Diversity is a central value at East Carolina University, and we are committed to creating a campus culture that reflects the world we live in.
Diversity encompasses much, but at its heart it means that we respect the differences among us and we know that true learning communities are empowered by these differences. Diversity means that we respect different cultures, intellectual traditions, ways of knowing, races/ethnicities, religions, and origins of birth. Because today’s graduates will compete in a global economy, they will need to speak at least two languages and will be engaged in careers that will almost certainly take them not just out of state but overseas. They will need A+ skills in interpersonal communications and teamwork. Their teams could have members from New Bern, New York, and New Delhi.
How do we educate students for this new economy? We certainly must teach them the values of respect and collegiality, and we must create a campus culture that is open, challenging, and diverse.
Like nearly all doctoral universities in the United States, we have much work to do. Among our biggest challenges will be to:
• Increase minority faculty from the current level of 10.7 percent to the
average of our peers and of similar universities in North Carolina;
• Diversify the leadership of the university to represent the world
we live in; and
• Ensure that everyone we hire to be part of our campus has the
best possible opportunity to succeed.
These are our commitments.
As we recognize our challenges and make public our commitments, we should also remember our successes.
Students: The Educational Trust has recognized ECU as among the best public universities in the nation with a graduation rate for minorities nearly twice as high as comparable institutions. In 2005, we had the third highest minority enrollment in the UNC system among historically white universities. In the Brody School of Medicine, we have the highest minority enrollment (23 percent) of all historically white medical schools nationwide. Additionally, the BSOM was ranked No. 8 in top medical schools for Hispanics. The ECU Foundation has created the Access Scholarship Program to provide assistance to 100 students who demonstrate significant financial need and great potential and who will be tomorrow’s leaders in North Carolina.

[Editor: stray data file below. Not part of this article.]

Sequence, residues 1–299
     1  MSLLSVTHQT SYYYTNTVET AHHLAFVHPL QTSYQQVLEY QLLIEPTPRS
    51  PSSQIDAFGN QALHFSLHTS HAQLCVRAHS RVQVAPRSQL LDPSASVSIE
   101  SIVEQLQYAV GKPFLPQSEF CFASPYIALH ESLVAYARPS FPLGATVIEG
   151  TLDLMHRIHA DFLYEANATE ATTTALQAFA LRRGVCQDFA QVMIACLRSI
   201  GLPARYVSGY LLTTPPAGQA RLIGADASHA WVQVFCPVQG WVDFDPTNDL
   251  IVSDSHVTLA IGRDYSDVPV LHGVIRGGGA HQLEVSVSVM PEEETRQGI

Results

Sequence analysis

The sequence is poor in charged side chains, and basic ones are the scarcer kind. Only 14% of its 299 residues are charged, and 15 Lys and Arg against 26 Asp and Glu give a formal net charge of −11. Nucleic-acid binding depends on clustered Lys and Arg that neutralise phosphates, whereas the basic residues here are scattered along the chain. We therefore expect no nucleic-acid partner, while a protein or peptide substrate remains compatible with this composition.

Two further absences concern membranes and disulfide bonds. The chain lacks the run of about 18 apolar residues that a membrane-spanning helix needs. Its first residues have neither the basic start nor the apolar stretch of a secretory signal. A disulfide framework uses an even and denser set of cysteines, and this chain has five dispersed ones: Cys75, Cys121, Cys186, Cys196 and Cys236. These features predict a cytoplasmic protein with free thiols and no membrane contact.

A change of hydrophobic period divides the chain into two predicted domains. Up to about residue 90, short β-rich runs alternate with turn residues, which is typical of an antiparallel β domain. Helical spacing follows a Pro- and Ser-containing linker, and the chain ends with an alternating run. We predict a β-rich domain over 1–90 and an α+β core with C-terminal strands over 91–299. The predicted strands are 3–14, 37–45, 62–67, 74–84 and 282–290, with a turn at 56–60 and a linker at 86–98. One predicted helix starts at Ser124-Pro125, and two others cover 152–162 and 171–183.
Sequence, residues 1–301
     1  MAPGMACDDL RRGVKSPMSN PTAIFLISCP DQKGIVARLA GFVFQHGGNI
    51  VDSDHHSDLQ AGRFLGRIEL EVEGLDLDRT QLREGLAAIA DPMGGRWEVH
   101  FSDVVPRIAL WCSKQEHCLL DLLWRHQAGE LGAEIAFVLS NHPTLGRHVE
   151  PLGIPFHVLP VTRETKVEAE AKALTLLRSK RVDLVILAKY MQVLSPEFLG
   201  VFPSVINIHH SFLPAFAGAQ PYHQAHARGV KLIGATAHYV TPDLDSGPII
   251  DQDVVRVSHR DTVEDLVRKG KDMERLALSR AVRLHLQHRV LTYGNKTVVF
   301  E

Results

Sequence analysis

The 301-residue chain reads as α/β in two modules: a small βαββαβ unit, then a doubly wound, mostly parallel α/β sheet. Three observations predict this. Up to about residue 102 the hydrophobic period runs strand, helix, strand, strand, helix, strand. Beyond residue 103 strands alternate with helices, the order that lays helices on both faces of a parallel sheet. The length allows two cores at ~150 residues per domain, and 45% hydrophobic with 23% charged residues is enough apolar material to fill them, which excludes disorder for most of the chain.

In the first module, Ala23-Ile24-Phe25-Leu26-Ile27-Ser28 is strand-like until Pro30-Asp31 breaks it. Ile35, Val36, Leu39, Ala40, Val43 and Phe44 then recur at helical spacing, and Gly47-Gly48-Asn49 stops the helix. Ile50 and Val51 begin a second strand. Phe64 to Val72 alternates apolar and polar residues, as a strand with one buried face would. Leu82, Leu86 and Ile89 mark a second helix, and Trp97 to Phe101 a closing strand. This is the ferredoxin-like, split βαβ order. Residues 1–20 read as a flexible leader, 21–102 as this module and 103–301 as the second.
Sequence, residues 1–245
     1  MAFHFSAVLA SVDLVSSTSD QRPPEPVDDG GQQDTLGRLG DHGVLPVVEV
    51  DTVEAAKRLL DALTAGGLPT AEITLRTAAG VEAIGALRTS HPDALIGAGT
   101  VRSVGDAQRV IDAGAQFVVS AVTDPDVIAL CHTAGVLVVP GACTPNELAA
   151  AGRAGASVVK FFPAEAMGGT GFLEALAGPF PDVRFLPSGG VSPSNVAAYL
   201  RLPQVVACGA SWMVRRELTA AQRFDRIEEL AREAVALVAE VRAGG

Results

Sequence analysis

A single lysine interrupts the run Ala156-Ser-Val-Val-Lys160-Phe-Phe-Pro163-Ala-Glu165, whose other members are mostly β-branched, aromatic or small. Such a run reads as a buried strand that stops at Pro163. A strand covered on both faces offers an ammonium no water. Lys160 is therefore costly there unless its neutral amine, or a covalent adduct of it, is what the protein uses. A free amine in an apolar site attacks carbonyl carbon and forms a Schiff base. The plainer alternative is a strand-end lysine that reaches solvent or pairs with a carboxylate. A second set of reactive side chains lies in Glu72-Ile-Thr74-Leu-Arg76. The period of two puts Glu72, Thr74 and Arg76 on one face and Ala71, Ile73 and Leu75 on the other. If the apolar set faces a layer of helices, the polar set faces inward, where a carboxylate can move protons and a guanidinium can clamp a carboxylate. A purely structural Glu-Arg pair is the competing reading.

Faculty: Over the past 10 years, hiring of minority faculty has increased significantly. ECU faculty have successfully created an African and African American Studies program to be implemented in fall 2007 and an Intergenerational Center in West Greenville in collaboration with the city and county. We are national leaders in research directed at health disparities.
Leadership: While much more work remains, minorities fill key leadership positions. Women hold significant senior leadership roles within the university (provost, vice chancellor for research and graduate studies, vice chancellor for health sciences, chief diversity officer, university attorney). Two years ago, the first African American coach of a major revenue sport was named at ECU (men’s basketball). In the last year, minorities have been named to lead the ECU Police, the Alumni Association board, and the Staff Senate, and to become the associate vice chancellor for academic programs. Dr. Andrew Best was posthumously given the University’s highest award, the Jarvis Medal for Service. The ECU Board of Visitors, an advocacy and advisory group, will count six persons of color and five women members in its newest membership group of 15.
Infrastructure: We are actively engaged in understanding and enhancing the campus culture. The first “climate survey,” intended to form a comprehensive profile of the campus culture, is nearing completion. The Chancellor’s Diversity Council was created last year to bring all divisions together to enhance diversity, and the Chancellor’s Community Advisory Council was reformed and re-energized to better connect with minority and underserved communities in our region. We are actively engaged in a search for the Chief Diversity Officer for the university, and we have the first-ever campus wide strategic plan for diversity, created by the Office of Institutional Diversity. Construction of an expanded Ledonia Wright Cultural Center, which will begin next year, is part of a major renovation and addition to the Mendenhall Student Center.
Diversity is a central value at ECU. We have come a long distance in three years to realize this value. We have much more to do. As East Carolina University enters its second century of education and service, we can lead and excel in implementing the university’s diversity vision. We need your support to make ECU the world-class university that it can be.